Capitals cut Eakin, Sjogren, Orlov as Perreault wins competitions

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When the Capitals whittled down to the roster they’ll open the season with, any surprising story lines of camp faded away and the team looks awful similar to what everyone thought it would.

“The guys that are going to start are the guys that we expected to be here, so there really weren’t any surprises in that regard,” general manager George McPhee said Monday.

Cuts came Tuesday in the form of defenseman Dmitry Orlov and centers Cody Eakin and Mattias Sjogren, who were sent to the Hershey Bears of the American Hockey League.

That means the Caps start with six healthy defensemen and John Erskine and that Mathieu Perreault was the winner of the battle for the final roster spot.

Perreault winning it should come as no surprise to anyone who heard Bruce Boudreau’s declaration Sunday.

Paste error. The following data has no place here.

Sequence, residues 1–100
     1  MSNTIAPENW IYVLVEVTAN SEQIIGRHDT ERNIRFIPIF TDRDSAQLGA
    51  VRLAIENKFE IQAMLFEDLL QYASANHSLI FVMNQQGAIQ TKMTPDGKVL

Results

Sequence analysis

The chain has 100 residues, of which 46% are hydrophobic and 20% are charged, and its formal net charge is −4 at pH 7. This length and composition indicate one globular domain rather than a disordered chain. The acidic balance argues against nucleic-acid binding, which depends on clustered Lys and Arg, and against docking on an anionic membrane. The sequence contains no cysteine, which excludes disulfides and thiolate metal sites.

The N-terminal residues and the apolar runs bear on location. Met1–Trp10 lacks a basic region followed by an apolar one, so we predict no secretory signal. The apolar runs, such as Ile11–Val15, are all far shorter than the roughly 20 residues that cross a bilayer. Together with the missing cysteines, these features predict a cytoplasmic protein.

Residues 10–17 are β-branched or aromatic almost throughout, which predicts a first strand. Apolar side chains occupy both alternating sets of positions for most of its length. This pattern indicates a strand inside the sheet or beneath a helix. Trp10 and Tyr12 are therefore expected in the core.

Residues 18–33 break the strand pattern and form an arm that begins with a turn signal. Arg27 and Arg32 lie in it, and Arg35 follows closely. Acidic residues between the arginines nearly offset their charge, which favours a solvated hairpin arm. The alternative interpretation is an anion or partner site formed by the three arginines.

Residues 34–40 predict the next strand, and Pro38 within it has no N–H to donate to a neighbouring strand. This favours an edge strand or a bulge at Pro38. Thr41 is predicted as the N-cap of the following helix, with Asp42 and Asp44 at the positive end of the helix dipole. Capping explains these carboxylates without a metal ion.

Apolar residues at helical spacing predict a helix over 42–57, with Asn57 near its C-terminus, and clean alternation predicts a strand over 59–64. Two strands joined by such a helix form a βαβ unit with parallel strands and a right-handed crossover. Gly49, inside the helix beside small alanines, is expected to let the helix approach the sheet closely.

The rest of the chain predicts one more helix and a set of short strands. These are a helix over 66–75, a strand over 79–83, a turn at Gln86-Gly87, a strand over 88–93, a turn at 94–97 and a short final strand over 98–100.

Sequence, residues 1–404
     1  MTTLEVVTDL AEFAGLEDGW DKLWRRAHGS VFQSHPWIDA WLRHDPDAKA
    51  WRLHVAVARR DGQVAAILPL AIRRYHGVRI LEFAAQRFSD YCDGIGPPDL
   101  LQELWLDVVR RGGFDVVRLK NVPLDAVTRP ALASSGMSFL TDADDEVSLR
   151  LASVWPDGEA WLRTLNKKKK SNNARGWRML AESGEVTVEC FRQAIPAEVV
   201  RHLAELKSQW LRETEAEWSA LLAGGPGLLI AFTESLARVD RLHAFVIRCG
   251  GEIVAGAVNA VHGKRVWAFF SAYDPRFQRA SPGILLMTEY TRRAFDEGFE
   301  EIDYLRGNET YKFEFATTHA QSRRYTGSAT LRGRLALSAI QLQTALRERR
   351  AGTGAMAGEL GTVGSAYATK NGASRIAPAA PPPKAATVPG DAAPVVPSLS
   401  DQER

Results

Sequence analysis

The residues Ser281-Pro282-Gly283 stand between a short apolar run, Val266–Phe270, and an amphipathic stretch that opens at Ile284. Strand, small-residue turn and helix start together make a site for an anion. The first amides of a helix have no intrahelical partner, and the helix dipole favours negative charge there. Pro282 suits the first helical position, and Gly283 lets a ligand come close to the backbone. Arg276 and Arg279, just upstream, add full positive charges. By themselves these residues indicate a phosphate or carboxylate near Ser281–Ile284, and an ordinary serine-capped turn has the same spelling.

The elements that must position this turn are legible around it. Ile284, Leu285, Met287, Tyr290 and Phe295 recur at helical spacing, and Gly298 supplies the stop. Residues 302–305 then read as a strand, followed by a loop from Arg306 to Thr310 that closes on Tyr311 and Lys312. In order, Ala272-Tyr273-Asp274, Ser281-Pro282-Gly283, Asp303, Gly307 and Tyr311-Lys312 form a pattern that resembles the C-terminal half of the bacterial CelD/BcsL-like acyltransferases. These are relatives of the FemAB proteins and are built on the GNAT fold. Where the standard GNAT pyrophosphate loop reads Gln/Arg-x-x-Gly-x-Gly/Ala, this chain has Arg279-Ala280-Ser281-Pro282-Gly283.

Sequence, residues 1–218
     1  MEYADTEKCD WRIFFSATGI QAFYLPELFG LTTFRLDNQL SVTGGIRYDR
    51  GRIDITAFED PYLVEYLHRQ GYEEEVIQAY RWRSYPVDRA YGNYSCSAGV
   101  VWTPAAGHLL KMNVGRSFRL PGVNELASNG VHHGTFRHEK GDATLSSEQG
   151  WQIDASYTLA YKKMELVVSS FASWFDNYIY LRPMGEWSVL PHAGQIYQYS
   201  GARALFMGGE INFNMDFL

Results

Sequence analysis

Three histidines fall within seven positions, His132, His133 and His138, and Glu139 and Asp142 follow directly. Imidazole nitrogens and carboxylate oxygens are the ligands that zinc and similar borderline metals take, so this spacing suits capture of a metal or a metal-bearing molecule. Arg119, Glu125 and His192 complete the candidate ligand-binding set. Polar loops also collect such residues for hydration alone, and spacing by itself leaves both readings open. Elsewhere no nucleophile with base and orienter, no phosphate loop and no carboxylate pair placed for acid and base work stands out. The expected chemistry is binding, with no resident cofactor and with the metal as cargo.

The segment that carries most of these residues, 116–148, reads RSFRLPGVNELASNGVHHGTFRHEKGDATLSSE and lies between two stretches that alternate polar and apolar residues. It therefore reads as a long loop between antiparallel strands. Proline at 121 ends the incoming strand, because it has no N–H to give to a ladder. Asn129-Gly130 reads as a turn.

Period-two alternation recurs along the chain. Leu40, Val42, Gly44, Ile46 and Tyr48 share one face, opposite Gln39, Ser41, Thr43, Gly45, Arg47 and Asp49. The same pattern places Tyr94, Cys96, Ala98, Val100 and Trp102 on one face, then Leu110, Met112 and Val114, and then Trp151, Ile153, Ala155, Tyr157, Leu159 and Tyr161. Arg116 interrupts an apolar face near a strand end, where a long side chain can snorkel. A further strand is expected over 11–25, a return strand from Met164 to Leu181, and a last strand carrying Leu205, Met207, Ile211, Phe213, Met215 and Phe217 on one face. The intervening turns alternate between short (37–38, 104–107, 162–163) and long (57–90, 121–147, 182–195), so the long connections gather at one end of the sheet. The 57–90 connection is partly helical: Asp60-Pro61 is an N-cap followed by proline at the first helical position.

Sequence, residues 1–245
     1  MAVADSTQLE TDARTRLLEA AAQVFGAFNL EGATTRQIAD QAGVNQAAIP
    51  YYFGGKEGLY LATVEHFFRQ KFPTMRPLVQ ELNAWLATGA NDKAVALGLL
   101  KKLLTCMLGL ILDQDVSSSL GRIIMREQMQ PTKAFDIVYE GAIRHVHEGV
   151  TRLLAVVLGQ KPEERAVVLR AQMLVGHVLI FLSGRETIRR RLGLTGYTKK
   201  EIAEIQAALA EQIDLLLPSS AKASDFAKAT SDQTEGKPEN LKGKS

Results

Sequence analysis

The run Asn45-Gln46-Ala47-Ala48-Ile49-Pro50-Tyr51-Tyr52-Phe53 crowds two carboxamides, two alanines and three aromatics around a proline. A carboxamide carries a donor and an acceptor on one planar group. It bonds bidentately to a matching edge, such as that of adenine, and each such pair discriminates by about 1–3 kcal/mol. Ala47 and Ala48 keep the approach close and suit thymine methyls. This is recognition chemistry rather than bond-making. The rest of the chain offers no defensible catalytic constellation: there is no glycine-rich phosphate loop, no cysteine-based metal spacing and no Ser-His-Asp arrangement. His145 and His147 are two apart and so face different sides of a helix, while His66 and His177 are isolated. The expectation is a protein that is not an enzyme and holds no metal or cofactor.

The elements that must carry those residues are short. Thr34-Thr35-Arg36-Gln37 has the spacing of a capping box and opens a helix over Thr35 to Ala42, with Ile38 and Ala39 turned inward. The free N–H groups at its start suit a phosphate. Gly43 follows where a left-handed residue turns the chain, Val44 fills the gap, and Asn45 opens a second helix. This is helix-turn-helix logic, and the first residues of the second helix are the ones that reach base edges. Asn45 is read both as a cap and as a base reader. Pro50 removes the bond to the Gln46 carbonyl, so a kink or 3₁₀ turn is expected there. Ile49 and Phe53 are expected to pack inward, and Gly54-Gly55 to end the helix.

“I think our best player all of camp was Perreault,” the coach said. “He played with the energy every night.”

And he led the Caps in preseason points (three goals, two assists). All along Perreault spoke with self-confidence about his chances of making the team, citing familiarity with the system and experience from last season.

And from what McPhee alluded to Monday, the Caps expected Perreault to make the team.

“We had real good competition for one spot, and the guy that’s going to end up getting it was the guy that we thought should get it if everything goes the way we expect it,” he said.

For Eakin and Sjogren, this is a chance for young players to get some seasoning in Hershey before taking a swing at NHL competition. Eakin looked like he needed to build some more body strength before taking on grown men at the elite level; Sjogren looked like he needed to improve his skating ability.

Orlov’s demotion came as somewhat of a surprise given the potential he showed in camp. But the “risk-reward” style of the 20-year-old seemed to bother the Caps’ decision-makers.

“You’re willing to say, ‘OK, listen, we have to take another look at this guy.’ There’s also flashes of, there’s things he needs to learn,” Boudreau said. “You get caught between the ‘Wow, that looks really good’ – between that and ‘Wow, he needs time to understand the game a little bit better.’ ”

At least initially, that understanding will continue in the AHL.

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